New challenges in healthcare call for the right leaders at the right time to find innovative solutions. The uncertainty created by outside disruptors and new players in the market, demographic shifts, technological advances, retirements, regulations, new payment models, consumerism, workforce shortages, and unexpected crises requires a high-performing team throughout the organization. Leadership is the critical element to navigate the terrain and achieve organizational goals. How do hospitals and health systems prepare to fill key positions to deal with an uncertain future? Developing a succession plan integrated with the strategic planning process is necessary to ensure that potential leaders will be ready for their new roles, but how many organizations have a plan and implement it?
A succession plan involves more than the CEO or C-suite. Although traditionally it is the board’s responsibility to select the CEO and possibly other executives, monumental shifts in healthcare have prompted the development of organizational structures with new roles and talents while grooming people for existing positions. Delving deep into the organization to identify, evaluate, and develop future leaders is essential. Who has the potential to be the next board chair, senior executive, vice president, director, or other leader? If an internal assessment of the talent pipeline does not yield promise, external recruitment may be necessary. Developing high performers for future roles is the next step in succession.
Succession planning may not be a comfortable topic to discuss. It may even face resistance. Nevertheless, it is required for an organization to survive and thrive. To identify the positions and expertise that will be needed, a vision of the organization’s future and strategic initiatives is essential; therefore, a succession plan must be an integral part of the organization’s strategic, operational, and financial plans. Without these plans in place, instability may lead to poor performance and results, stress, and burnout. Engaging people at all levels of the organization in planning is fundamental to ensure that succession is not threatening. Many succession models and development programs exist. Preparing leaders, learning from other organizations, and using best practices can jump-start the process.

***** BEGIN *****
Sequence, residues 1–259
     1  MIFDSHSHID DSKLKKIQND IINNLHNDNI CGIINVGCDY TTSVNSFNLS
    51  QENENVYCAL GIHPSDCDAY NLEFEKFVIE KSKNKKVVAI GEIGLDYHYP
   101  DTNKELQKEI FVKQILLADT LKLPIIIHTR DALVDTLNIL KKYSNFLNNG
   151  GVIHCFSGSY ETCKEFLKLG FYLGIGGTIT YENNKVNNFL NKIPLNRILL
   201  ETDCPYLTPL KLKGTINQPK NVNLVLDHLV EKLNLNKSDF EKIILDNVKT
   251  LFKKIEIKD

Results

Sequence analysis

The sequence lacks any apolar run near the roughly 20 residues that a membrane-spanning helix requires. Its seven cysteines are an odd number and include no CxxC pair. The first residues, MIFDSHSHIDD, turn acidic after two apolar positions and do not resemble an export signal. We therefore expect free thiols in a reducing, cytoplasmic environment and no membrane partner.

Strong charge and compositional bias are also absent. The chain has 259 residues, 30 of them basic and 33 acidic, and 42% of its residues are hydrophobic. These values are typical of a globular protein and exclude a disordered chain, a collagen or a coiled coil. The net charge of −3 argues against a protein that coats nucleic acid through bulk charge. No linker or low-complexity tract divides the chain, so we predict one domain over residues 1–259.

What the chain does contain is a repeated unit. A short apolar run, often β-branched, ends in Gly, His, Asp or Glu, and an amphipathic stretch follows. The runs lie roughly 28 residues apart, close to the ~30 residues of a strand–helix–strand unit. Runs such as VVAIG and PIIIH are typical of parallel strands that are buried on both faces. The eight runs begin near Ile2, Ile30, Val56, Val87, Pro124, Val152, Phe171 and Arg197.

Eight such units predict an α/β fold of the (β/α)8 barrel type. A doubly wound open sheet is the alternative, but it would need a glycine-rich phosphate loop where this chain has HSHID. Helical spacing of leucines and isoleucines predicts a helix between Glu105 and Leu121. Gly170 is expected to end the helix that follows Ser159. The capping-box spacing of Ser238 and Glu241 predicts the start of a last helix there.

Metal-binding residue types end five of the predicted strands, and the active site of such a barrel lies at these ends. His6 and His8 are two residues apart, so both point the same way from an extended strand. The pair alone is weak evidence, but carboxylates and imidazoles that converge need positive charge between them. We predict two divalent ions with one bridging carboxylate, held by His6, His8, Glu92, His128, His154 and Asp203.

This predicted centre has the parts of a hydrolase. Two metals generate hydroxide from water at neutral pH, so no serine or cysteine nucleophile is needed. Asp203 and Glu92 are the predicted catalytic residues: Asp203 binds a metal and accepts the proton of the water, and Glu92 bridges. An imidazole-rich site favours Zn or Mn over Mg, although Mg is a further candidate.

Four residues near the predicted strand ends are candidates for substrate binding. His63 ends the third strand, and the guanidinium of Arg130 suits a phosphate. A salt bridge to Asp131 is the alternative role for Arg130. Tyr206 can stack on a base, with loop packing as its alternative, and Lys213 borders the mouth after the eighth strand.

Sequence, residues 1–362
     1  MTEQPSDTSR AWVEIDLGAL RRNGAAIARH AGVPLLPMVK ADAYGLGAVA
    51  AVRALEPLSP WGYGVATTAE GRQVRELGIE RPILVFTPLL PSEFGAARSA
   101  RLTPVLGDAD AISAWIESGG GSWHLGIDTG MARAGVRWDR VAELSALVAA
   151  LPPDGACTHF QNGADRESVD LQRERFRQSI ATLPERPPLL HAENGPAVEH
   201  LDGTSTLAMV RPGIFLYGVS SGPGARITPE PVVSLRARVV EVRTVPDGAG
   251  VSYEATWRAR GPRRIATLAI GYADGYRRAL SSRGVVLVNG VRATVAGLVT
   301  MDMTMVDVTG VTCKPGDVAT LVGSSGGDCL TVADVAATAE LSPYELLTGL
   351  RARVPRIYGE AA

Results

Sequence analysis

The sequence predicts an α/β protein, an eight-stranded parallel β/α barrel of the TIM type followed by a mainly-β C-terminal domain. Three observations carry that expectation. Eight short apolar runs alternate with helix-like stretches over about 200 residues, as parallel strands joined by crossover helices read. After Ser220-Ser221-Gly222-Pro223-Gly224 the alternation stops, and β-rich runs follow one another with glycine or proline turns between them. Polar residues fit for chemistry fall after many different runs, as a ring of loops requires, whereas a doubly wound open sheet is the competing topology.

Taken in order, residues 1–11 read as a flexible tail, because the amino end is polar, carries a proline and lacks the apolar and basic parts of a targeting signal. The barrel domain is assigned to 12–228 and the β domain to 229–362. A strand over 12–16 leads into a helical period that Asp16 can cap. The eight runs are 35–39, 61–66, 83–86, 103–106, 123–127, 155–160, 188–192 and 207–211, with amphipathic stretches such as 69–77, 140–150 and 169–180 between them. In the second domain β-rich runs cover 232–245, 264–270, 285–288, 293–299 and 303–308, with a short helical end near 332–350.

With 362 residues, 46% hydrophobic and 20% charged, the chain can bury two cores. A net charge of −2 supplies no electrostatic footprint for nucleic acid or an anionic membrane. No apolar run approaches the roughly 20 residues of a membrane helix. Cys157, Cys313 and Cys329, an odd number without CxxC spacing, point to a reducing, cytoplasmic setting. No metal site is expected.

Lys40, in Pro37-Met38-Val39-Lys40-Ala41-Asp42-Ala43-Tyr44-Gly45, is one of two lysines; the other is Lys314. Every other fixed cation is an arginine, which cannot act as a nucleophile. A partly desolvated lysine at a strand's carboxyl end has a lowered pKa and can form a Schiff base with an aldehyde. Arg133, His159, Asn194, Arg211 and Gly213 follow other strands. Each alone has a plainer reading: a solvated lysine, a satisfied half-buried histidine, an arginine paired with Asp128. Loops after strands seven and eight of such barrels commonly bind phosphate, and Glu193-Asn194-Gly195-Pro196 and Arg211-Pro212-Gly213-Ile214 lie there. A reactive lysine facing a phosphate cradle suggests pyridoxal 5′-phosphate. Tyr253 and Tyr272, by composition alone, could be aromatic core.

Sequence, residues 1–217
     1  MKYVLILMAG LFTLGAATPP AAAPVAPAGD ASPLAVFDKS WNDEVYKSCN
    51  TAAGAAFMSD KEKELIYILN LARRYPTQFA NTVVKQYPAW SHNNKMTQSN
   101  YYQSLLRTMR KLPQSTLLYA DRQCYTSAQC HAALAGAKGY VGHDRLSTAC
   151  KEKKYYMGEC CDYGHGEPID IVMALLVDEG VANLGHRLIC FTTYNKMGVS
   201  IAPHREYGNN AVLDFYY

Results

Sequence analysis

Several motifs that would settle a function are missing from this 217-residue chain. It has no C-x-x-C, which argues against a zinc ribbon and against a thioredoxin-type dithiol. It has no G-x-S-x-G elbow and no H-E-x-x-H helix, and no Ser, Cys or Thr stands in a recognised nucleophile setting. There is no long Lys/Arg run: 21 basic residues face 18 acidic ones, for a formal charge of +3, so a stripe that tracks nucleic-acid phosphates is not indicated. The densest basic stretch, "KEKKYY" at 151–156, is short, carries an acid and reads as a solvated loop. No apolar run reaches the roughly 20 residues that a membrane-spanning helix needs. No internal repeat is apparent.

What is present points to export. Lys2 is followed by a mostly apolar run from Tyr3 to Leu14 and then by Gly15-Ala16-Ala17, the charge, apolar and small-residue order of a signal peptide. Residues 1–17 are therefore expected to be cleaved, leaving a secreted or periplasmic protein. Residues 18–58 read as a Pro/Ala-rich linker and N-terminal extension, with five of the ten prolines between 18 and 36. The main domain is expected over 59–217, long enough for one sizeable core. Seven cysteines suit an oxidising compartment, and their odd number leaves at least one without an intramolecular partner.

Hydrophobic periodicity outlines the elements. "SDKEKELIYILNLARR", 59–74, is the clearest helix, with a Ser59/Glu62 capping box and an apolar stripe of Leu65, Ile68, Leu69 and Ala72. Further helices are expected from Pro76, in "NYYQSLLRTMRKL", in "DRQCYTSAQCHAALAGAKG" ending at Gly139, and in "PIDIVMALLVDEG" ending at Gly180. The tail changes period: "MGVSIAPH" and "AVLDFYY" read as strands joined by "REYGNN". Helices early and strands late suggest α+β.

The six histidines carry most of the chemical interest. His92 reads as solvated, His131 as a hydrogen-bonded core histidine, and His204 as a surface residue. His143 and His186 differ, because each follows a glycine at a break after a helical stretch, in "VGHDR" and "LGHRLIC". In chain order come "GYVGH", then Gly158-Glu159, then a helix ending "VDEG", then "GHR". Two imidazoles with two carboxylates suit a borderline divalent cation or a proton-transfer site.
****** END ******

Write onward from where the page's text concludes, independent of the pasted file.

The workforce of the future must be envisioned today to face the plethora of challenges in healthcare and manage new models of care delivery. If organizations do not have the right people groomed for new positions and ready to find solutions to these challenges and improve performance, what will happen to operational functioning—including safety, quality, and financial results? Succession planning is a foundational element to galvanize a high-performing group of people for the future, and the authors in this issue of Frontiers of Health Services Management draw from their experiences and expertise to address this topic.